Posted by cayhorstmann
on August 26, 2011 at 2:33 PM PDT
My hard-hitting, tell-it-as-it-is Scala book draft is coming along. No animals or fruit have been pressed into service for contrived examples. Free chapters are at typesafe.com.
When I write a book, I always imagine who the reader is. Depending on the kind of project, it might be a beginning computer science student, or an experienced engineer starting out with learning a new technology.
Sometimes, it's “myself, as I was a little while ago”. That's how it went with Core Java, which sold a huge number of copies when everyone else wanted just what I wanted too: know how to solve common tasks in a new language. Other books didn't do so well teaching their readers how to develop hierarchies of fruit and animals.
Now I am in the same happy situation with the Scala book that I am writing. There are other Scala books out there, and they are nice books. It's just that they have examples with fruit and animals, and I still don't like those. Even if they show me the mechanics of a feature, they rarely show why I would want to use it. Even worse, unless they are very carefully constructed, the intuition that I have about fruits or animals can lead me seriously astray. So I decided to write my own book.
I find myself referring to my draft when I code in Scala quite a bit, as I need reminders about file handling, pattern matching, or the finer points of traits. Occasionally, a tidbit is in an unexpected place, and I get to move it, since, after all, it is my book.
The chapters are converging nicely, and thanks to modern publishing technology, I can unveil the result incrementally. If you have a Safari subscription, go here . If not, you can get the "A1" level materials for free from typesafe.com here . (A1 is the "beginning application programmer" level from Martin Odersky's Scala levels .) Bugs? Comments? Suggestions? Please leave them here .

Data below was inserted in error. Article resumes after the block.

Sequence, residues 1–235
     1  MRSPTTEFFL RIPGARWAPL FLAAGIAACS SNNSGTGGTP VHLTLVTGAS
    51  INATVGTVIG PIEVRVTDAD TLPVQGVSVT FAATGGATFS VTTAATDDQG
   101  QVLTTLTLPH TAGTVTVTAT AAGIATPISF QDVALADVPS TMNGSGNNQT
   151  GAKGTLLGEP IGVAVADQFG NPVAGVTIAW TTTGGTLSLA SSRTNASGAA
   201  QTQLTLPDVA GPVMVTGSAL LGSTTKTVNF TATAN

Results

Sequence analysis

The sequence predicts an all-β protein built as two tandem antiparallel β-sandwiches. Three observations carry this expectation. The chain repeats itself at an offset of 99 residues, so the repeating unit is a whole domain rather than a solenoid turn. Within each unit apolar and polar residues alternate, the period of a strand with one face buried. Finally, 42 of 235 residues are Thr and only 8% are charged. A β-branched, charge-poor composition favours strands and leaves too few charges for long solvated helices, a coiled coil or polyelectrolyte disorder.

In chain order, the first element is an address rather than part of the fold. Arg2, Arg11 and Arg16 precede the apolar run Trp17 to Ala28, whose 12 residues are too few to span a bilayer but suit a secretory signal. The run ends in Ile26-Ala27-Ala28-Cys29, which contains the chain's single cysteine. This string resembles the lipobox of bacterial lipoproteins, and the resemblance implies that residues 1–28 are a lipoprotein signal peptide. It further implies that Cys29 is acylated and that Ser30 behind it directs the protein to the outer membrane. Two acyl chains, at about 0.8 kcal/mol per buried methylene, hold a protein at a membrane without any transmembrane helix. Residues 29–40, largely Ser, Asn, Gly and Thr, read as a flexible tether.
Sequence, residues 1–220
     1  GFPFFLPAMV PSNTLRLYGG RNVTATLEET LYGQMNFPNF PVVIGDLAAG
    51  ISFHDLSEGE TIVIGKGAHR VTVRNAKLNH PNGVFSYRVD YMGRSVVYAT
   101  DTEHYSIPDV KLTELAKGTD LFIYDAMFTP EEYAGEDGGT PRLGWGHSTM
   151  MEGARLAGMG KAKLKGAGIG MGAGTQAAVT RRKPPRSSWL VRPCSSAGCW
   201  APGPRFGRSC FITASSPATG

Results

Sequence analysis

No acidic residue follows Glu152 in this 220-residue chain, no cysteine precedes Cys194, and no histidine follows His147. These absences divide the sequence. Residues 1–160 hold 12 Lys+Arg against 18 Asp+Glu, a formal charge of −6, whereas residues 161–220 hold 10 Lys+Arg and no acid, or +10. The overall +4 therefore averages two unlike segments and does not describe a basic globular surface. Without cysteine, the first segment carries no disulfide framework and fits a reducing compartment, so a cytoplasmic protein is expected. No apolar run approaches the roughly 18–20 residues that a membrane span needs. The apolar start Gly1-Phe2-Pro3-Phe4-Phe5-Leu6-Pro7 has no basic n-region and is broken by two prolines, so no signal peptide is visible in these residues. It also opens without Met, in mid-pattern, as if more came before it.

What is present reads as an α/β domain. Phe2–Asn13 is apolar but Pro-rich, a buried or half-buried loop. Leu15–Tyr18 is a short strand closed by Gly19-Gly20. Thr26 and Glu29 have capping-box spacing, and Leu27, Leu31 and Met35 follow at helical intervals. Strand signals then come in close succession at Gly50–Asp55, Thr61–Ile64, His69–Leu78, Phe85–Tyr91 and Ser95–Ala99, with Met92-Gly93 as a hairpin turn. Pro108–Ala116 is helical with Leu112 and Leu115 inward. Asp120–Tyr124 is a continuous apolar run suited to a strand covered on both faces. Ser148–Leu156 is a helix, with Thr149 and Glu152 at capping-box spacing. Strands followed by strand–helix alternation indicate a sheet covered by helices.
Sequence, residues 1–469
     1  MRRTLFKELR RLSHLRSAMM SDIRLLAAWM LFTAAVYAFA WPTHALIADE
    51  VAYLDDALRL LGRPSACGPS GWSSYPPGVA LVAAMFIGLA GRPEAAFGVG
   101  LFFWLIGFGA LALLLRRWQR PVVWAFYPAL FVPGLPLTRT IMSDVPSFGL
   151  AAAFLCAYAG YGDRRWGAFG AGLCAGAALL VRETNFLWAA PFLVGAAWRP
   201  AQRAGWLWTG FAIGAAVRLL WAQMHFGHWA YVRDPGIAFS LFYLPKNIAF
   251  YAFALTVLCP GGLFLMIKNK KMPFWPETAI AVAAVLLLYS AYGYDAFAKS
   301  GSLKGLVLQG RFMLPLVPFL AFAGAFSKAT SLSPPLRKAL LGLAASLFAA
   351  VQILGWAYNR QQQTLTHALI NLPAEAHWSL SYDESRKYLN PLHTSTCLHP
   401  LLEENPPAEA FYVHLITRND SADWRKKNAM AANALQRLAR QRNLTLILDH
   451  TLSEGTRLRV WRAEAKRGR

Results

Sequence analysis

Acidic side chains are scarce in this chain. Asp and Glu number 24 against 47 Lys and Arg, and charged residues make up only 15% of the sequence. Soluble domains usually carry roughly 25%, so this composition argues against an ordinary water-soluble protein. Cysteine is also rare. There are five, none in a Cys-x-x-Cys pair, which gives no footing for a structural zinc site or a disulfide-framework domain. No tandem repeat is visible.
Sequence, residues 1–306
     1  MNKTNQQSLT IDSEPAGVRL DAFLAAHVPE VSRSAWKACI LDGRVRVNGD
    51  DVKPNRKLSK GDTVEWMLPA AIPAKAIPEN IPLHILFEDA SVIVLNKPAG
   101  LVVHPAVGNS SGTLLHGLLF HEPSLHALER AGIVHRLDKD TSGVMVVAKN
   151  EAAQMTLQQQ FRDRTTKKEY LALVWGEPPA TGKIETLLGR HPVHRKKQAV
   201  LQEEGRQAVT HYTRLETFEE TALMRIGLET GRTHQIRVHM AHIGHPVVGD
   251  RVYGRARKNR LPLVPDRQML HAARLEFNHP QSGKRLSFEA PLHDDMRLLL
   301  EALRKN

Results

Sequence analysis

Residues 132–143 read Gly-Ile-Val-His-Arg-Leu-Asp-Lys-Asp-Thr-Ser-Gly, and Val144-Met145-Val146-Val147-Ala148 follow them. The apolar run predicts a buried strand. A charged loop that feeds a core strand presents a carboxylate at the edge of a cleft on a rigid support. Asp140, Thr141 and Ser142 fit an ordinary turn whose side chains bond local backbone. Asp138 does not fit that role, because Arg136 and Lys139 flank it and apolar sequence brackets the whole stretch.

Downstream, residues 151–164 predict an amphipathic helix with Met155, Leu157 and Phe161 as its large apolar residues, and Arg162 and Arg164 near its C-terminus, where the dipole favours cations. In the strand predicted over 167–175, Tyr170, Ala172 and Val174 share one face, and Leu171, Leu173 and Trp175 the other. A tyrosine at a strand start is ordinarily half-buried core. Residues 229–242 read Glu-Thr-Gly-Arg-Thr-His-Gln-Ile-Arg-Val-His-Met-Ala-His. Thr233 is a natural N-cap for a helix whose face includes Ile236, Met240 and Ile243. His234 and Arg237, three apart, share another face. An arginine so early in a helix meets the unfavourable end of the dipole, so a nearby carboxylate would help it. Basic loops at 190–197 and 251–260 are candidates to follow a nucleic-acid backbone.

I'd like to put in a plug for the technology that makes it possible for me to quickly write and rewrite this material. I write in XHTML, with a simple style sheet that takes care of section numbering, cross-references, notes and tips. Then I use PrinceXML to turn out PDF. It is a great “what you see is what you need” system that gives me control over what I care about—in particular, what is and what isn't code. I could use Docbook and FOP, but that looks far more complex.
PrinceXML is a bit pricey for an individual user, but there is an inexpensive online service, DocRaptor . You make a JSON call with the contents of the document, as a single file with all images embedded as data URIs, and you get the PDF document back. I wrote a script that does the image embedding and that glues the chapters together—using Scala, of course. Scala may not be a scripting language, but it is my favorite language for writing scripts.